1. ## 1-D Inequality Help

Solve: 6x^4 - 10x^2 - 12 > 10x^3 + 38x
where x is a member of the real numbers.

I rearranged it as an equality equaling zero, as:
6x^4 - 10x^3 - 10x^2 - 38x - 12 = 0

I then factored out a 2, giving:
(2)(3x^4 - 5x^3 - 5x^2 -19x - 6) = 0

Using factor theorum and synthetic division, I determined that:
(2)(3)(x + 1/3)(x - 3)(x^2 + x + 2) = 0

However, the quadratic equation above does not yield any real solutions (unless I'm doing it wrong). Where do I go from here?

2. "Solve: $\displaystyle 6x^4 - 10x^2 - 12 > 10x^3 + 36x$" but you wrote: $\displaystyle 6x^4 - 10x^3 - 10x^2 - 38x - 12$. It's 36, not 38.

Are you sure you wrote the inequality correct?
x=2: 96 - 40 - 12 > 80+72 is false.

3. It's 38, not 36. I wrote it incorrectly the first time. The bold line at the top is what was given to me on the assignment sheet.

4. Originally Posted by Kangles
Solve: 6x^4 - 10x^2 - 12 > 10x^3 + 36x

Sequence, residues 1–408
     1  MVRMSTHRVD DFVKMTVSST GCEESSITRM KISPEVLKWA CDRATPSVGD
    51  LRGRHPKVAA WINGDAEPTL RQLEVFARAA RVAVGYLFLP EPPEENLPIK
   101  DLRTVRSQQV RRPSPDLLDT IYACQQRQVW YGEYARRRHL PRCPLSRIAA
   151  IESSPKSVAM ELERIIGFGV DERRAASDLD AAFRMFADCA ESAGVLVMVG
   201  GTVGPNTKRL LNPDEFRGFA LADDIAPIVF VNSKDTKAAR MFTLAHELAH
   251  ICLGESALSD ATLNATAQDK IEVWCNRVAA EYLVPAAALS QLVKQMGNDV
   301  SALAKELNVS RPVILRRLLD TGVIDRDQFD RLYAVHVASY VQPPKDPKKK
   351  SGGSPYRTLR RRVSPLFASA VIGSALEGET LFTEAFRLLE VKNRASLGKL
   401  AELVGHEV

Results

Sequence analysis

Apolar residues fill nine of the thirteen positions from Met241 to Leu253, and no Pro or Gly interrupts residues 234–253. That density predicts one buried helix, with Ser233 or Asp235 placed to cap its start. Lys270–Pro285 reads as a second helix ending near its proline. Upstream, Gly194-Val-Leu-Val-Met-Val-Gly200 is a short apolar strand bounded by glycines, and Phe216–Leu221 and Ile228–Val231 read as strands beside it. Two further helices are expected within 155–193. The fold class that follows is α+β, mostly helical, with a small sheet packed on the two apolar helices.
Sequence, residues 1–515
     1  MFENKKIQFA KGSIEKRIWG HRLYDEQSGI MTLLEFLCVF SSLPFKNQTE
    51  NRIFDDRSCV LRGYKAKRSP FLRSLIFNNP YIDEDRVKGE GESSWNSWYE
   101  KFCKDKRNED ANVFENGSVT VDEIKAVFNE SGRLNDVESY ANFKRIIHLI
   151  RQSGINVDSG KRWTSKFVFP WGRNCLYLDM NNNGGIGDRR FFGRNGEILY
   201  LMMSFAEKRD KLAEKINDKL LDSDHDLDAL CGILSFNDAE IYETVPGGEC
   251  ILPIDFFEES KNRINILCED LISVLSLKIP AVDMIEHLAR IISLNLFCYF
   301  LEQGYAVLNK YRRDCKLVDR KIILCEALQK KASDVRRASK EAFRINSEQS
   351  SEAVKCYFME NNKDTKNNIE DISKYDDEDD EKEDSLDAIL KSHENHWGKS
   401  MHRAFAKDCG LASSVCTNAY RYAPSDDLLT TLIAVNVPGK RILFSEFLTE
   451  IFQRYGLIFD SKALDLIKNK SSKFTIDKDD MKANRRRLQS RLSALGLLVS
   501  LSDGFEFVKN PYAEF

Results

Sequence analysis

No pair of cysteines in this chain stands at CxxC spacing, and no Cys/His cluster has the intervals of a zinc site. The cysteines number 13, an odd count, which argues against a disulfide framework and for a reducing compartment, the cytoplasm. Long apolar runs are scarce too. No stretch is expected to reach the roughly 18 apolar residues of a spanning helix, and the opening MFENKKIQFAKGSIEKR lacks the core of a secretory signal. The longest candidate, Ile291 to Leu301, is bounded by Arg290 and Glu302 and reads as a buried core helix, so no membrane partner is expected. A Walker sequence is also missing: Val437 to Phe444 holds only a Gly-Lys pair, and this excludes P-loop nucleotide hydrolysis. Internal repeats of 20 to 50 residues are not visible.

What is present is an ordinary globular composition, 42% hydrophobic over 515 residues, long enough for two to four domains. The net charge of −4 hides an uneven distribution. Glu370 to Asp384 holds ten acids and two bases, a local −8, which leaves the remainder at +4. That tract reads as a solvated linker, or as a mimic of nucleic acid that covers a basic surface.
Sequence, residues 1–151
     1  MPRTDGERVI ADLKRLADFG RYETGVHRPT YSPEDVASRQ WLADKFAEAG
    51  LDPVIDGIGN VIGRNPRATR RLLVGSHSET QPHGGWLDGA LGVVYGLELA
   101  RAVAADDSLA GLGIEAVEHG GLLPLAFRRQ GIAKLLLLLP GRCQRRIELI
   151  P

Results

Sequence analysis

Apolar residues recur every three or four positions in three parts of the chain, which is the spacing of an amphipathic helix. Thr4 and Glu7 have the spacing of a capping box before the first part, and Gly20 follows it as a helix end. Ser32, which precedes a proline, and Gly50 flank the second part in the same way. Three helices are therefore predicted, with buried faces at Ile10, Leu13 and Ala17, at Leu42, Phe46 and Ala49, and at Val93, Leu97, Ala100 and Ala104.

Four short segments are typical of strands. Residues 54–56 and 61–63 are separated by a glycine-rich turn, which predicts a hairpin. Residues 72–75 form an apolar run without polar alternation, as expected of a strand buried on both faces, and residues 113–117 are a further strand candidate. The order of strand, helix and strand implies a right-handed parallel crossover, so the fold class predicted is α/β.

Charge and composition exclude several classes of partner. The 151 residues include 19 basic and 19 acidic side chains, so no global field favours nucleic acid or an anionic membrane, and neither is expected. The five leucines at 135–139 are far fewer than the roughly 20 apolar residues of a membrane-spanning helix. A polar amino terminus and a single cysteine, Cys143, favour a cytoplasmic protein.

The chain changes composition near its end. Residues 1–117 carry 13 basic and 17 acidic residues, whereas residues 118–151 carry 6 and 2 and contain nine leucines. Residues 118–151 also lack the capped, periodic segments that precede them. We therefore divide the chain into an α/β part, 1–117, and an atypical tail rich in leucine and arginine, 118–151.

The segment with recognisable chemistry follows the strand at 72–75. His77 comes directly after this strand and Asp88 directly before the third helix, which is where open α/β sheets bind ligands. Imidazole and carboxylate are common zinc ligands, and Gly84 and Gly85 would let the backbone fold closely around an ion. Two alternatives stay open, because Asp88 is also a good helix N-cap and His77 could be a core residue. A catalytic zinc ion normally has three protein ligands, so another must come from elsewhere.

where x is a member of the real numbers.

I rearranged it as an equality equaling zero, as:
6x^4 - 10x^3 - 10x^2 - 38x - 12 = 0

I then factored out a 2, giving:
(2)(3x^4 - 5x^3 - 5x^2 -19x - 6) = 0

Using factor theorum and synthetic division, I determined that:
(2)(3)(x + 1/3)(x - 3)(x^2 + x + 2) = 0

However, the quadratic equation above does not yield any real solutions (unless I'm doing it wrong). Where do I go from here?
Hi Kangles,

In your first line, you have 36x, but when you "rearranged" it, it changed to 38x.

Assuming you meant 38x, and your factorization is correct, you have two real roots showing.

If (x + 1/3) is a factor (and it is!), then x = -1/3 is a root.

If (x - 3) is a factor (and it is, too!), then x = 3 is a root.

Ignore the two complex roots. Your beginning statement said x is a member of the real numbers.

Plot these two real values on a number line and check the intervals that will make your original inequality true.

I found the solution to be $\displaystyle \{x|x < -\frac{1}{3} \r\: x > 3\}$